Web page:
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Feeding Tube Awareness Week: Day 1

This week is the 2nd annual Feeding Tube Awareness Week. The purpose of this event is to promote greater understanding of tube feeding, from the underlying causes to the day-to-day life of someone with a feeding tube. Over the next few days, I will be doing daily blog posts following the topics on the Feeding Tube Awareness Foundation's website.

Today's topic is:
Why awareness is important to my family? What would be the difference for me/my child if tube feeding was better understood?

For the most part, I really didn't (and don't) mind when people would ask questions about Raya's feeding tube. Before I had a child with a feeding tube, I really didn't know much about them either. I had heard of words like "nasogastric" and "gastrostomy" and we had one friend whose son had an NG tube, but that was all I knew. When Raya got her feeding tube, our family and close friends were as supportive as we could have hoped for. Even though they may not have understood the whole situation, they knew that if she had a feeding tube, there must have been a good reason for it.

The point where I realized that there is a need for greater awareness and understanding of tube feeding was when acquaintances and strangers (and even a few good friends) tried to offer advice and questioned the course of action we were taking with Raya. We heard things like: "When my baby had reflux we switched to soy formula and that fixed the problem." "Are you sure you're burping her enough?" "You should try giving her apple cider vinegar every day for her reflux." and "Does she really need that just because of reflux?" Sometimes it felt like people assumed that by going with a feeding tube, we were giving up and taking the easy way out. Even worse was the feeling that people thought Raya's need for a tube equated to our failure as her parents. I know it's not supposed to matter what other people think, but when it comes to people looking at you like your child's medical condition is somehow your fault, it hurts no matter how hard you try to ignore it. This "tubie life" has been anything BUT the easy way out. For us, awareness means that when people see someone with a feeding tube, they understand that feeding tubes are a life-saving medical intervention.
When Raya was 4 months old, she got a helmet to correct her congenital plagiocephaly (misshapen head). She also had an NG tube then, and even though our other 3 kids were young, THEY were even aware of the way people stared at Raya. Little kids would point at her and ask their parents, "What's wrong with that baby?" in a tone louder than the parents were comfortable with. Instead of answering their questions or asking me to answer their questions, they got embarrassed and usually tried to shush their kids and get away from us as quickly as possible. I understood why they reacted the way they did, but with that understanding came the realization that someday in the not-so-far-off future, Raya would be old enough to understand that people were reacting to HER with fear, shame, and sometimes even disgust. THAT made me sad. No parent wants their child to go through life feeling like they are different from everyone else or be ashamed of who they are.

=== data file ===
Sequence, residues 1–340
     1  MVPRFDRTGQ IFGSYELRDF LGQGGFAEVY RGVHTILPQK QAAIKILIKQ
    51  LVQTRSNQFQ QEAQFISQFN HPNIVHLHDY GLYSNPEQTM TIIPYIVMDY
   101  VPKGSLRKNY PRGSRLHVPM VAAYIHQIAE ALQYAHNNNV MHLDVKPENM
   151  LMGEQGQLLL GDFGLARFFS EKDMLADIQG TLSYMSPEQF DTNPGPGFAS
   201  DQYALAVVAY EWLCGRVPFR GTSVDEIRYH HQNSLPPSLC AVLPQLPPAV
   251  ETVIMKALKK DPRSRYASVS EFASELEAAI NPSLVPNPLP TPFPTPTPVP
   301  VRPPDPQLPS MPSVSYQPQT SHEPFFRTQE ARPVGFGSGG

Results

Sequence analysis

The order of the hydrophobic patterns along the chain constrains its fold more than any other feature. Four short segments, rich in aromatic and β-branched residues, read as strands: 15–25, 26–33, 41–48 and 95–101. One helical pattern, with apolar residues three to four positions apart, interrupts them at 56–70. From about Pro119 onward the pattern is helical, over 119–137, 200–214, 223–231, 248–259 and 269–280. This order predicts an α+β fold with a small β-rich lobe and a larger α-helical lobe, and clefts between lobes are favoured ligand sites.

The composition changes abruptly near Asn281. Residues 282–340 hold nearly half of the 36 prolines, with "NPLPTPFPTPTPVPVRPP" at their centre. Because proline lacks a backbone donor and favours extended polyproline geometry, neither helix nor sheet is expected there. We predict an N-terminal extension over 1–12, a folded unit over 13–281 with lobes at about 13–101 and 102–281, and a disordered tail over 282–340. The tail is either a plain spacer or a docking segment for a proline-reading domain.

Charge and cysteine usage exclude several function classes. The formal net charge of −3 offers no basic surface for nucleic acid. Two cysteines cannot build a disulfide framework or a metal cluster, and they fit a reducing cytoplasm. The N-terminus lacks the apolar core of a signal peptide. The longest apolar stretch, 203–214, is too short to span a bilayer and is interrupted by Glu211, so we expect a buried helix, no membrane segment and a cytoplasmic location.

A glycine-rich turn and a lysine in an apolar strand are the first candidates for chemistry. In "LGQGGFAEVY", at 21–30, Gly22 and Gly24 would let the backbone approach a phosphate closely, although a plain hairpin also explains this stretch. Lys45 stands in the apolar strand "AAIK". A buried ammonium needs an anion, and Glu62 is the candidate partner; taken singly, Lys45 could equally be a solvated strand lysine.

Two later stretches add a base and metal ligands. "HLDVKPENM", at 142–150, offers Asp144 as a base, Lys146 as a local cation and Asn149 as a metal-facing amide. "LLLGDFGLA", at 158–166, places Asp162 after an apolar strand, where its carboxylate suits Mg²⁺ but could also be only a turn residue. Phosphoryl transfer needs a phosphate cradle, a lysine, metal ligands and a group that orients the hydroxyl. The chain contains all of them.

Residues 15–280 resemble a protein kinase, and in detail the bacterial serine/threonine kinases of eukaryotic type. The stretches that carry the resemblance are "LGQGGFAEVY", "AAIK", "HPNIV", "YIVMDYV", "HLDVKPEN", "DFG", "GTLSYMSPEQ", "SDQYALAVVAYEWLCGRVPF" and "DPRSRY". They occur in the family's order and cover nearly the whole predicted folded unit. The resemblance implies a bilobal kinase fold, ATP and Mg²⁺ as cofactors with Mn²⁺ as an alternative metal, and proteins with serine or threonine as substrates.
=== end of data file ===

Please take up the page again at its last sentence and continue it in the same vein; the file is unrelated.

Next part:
There are hundreds of reasons why a person may need to be tube fed. One thing that makes tube feeding harder for people to accept or understand when they see it is that often, tube fed children look completely healthy. People don't realize that even though a child can look perfectly normal on the outside, there could be any number of things wrong on the inside that make it unsafe or impossible for them to eat. Going through life without eating ANYTHING is a difficult concept to grasp for those of us who don't know what that's like. The other thing that we have run into is that people will see Raya taking bites out of a chip or french fry and ask us, "If she's eating now, then why does she still have a feeding tube?" What they don't notice is that she may be biting and chewing, but she's not swallowing. :) Not only that, but a lot of kids who take nibbles of a few different foods still don't have the skills, ability, and/or desire to eat enough food or drink enough liquid to sustain their lives. Having a feeding tube doesn't mean that there is anything "wrong" with a child, it just means he or she needs help. Some people need glasses to help them see, some need wheelchairs to help them get around, some need hearing aids to help them hear, and some people need feeding tubes to help them eat.

In honor of FTA Week, the founder of the Feeding Tube Awareness Foundation compiled pictures of 222 "tubie" families and put them in a video. We pop up around 36 seconds. :) Here it is:


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